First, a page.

Instant Insight

July 19, 2004





Better Living through Open Platforms: EMC Announces Centera Universal Access V2.1

By Charles King

EMC today announced Centera Universal Access 2.1, a new software solution that the company said allows customers to use EMC’s Centera Content Addressed Storage (CAS) solutions to securely archive virtually any data type from any application running on any open platform. Using the new software along with Centera's open API, customers can archive data from applications that have been developed specifically for Centera or from applications running in Windows, UNIX, Linux, and mainframe environments that deploy industry-standard protocols. Centera Universal Access Version 2.1 natively provides support for all four of the major industry-standard protocols:

    Network File System (NFS) including IBM iSeries via Integrated File System (IFS) using NFS

    Common Internet File System (CIFS)

    File Transfer Protocol (FTP)

    Hypertext Transfer Protocol (HTTP)

Centera can also be used to archive data from mainframe applications that are not integrated to Centera Universal Access with Bus-Tech, Inc.'s Mainframe Appliance for Storage (MAS) for Centera, which provides access via Enterprise Systems Connection (ESCON) or Fibre Connection (FICON) connections. 



EMC’s Centera Universal Access 2.1 is now available. No pricing information was included in the announcement.



While many regard industry-standard protocol support as arcane, at best, it is the sort of sweat-inducing work that tangibly improves the lives of enterprise end users and ISVs. It is also, not to put too fine a point on it, just the sort of effort that is required to help drive new or radically different IT architectures/solutions in order to extend their user and support base.

EMC’s Centera is just such a solution. It is useful to remember that when EMC introduced Centera and CAS in April 2002, the notion of utilizing ATA disk drives for enterprise archiving applications was not well received by competitors who insisted that ATA technologies were not ready for business-critical prime time. When EMC announced the Centera Compliance Edition just over a year later, which extended Centera support for compliance-regulated archiving applications, the competitive din was even louder, especially among tape and optical storage vendors whose WORM solutions historically represented the state of the compliance art. Users, however, were more enthusiastic, especially given EMC’s strategic decision to seek and gain regulatory approval before delivering Centera Compliance Edition to market; an action which largely muted the company’s loudest critics.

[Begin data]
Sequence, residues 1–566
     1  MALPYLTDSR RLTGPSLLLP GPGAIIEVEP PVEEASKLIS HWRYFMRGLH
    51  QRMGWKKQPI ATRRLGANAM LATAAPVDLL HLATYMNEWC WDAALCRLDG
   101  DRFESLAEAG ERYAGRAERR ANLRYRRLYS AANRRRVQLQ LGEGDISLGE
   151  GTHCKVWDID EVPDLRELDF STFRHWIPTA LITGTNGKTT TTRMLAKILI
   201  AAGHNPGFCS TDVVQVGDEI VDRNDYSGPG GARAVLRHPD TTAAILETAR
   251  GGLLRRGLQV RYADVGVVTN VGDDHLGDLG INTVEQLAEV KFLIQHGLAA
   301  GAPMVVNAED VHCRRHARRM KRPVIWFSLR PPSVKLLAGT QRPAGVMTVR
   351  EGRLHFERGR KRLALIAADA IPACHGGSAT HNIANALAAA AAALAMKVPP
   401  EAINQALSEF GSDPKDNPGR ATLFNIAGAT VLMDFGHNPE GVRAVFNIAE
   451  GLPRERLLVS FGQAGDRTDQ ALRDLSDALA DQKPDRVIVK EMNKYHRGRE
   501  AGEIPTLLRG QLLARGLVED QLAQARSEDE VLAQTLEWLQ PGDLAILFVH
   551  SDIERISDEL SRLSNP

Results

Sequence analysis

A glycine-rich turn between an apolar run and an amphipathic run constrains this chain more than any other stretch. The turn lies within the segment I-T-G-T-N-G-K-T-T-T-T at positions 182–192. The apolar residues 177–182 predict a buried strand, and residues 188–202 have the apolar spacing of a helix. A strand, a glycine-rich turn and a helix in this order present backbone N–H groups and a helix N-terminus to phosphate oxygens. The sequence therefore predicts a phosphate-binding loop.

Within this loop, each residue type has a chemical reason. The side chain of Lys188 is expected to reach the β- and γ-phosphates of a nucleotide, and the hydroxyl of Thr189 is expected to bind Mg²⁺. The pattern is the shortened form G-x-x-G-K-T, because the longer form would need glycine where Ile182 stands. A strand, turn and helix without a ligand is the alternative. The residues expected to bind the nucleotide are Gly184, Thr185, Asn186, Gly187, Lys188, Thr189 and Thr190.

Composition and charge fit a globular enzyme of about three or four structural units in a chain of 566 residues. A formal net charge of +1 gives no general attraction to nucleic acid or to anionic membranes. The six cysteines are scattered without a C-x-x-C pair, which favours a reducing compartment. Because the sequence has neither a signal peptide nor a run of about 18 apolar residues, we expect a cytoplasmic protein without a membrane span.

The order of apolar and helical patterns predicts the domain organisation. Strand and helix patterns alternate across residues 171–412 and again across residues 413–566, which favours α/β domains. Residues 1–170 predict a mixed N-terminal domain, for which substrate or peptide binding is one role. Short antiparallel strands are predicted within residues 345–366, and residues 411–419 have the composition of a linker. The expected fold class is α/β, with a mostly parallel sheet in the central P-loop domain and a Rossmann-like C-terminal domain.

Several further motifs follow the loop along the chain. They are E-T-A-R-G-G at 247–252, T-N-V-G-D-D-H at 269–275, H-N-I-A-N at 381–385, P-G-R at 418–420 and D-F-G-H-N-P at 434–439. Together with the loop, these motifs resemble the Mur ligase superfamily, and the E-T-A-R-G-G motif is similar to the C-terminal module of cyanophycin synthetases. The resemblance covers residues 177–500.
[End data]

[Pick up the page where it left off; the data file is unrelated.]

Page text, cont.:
So how does EMC’s compliance archiving approach stand today? Quite prettily, overall. Since its introduction, EMC claims to have shipped over 7PB of Centera Compliance Edition capacity. More critically, approximately 250 business applications either have been, or are in the process of being, fully integrated with Centera’s APIs. Perhaps most important of all, many of the competitors and critics who once pooh-poohed Centera have either launched or announced plans for their own ATA-based archiving solutions, and with good reason.

The fact is that Centera resulted from the simple realization that the continually evolving price/performance of ATA technology provided an opportunity for it to support reliable solutions that provide significantly faster performance than traditional tape and optical technologies at a significantly lower cost than enterprise-class disk drive products. As a result, EMC has been able to develop and deliver Centera as a distinctively separate enterprise solution that complements traditional archiving technologies while delivering essentially new classes of service.

Given this context, what is Centera Universal Access 2.1 all about? Two things. First, by providing support for all four major industry-standard data protocols, EMC has significantly expanded the potential Centera customer and developer bases to include any who are working with UNIX, Linux, Windows, and mainframe applications; i.e., pretty much everyone on the planet. In addition, by natively supporting these protocols, EMC is extending a handshake to developers and customers who do not have the time or resources to integrate their applications with Centera’s APIs on their own. This feature is likely to be especially welcomed by customers with homegrown applications or limited development resources, and ISVs developing time-to-market-sensitive products.

In addition, by providing Universal Access 2.1, EMC is helping to keep Centera and CAS at the head of the new breed data archiving pack. While many vendors are moving toward or forward with ATA-based solutions, EMC has been careful to position Centera as more than just a low-cost disk array. By working with ISVs who leverage Centera’s capabilities across a wide range of vertical and horizontal solutions, EMC is extending its original definition of Content Addressed Storage to embrace a widening pool of enterprise applications and customers. Overall, EMC’s Universal Access 2.1 is designed to make the work of Centera ISVs and customers considerably easier, and will likely stand as yet another strategic benchmark the company’s data archiving competitors will be obliged to follow.



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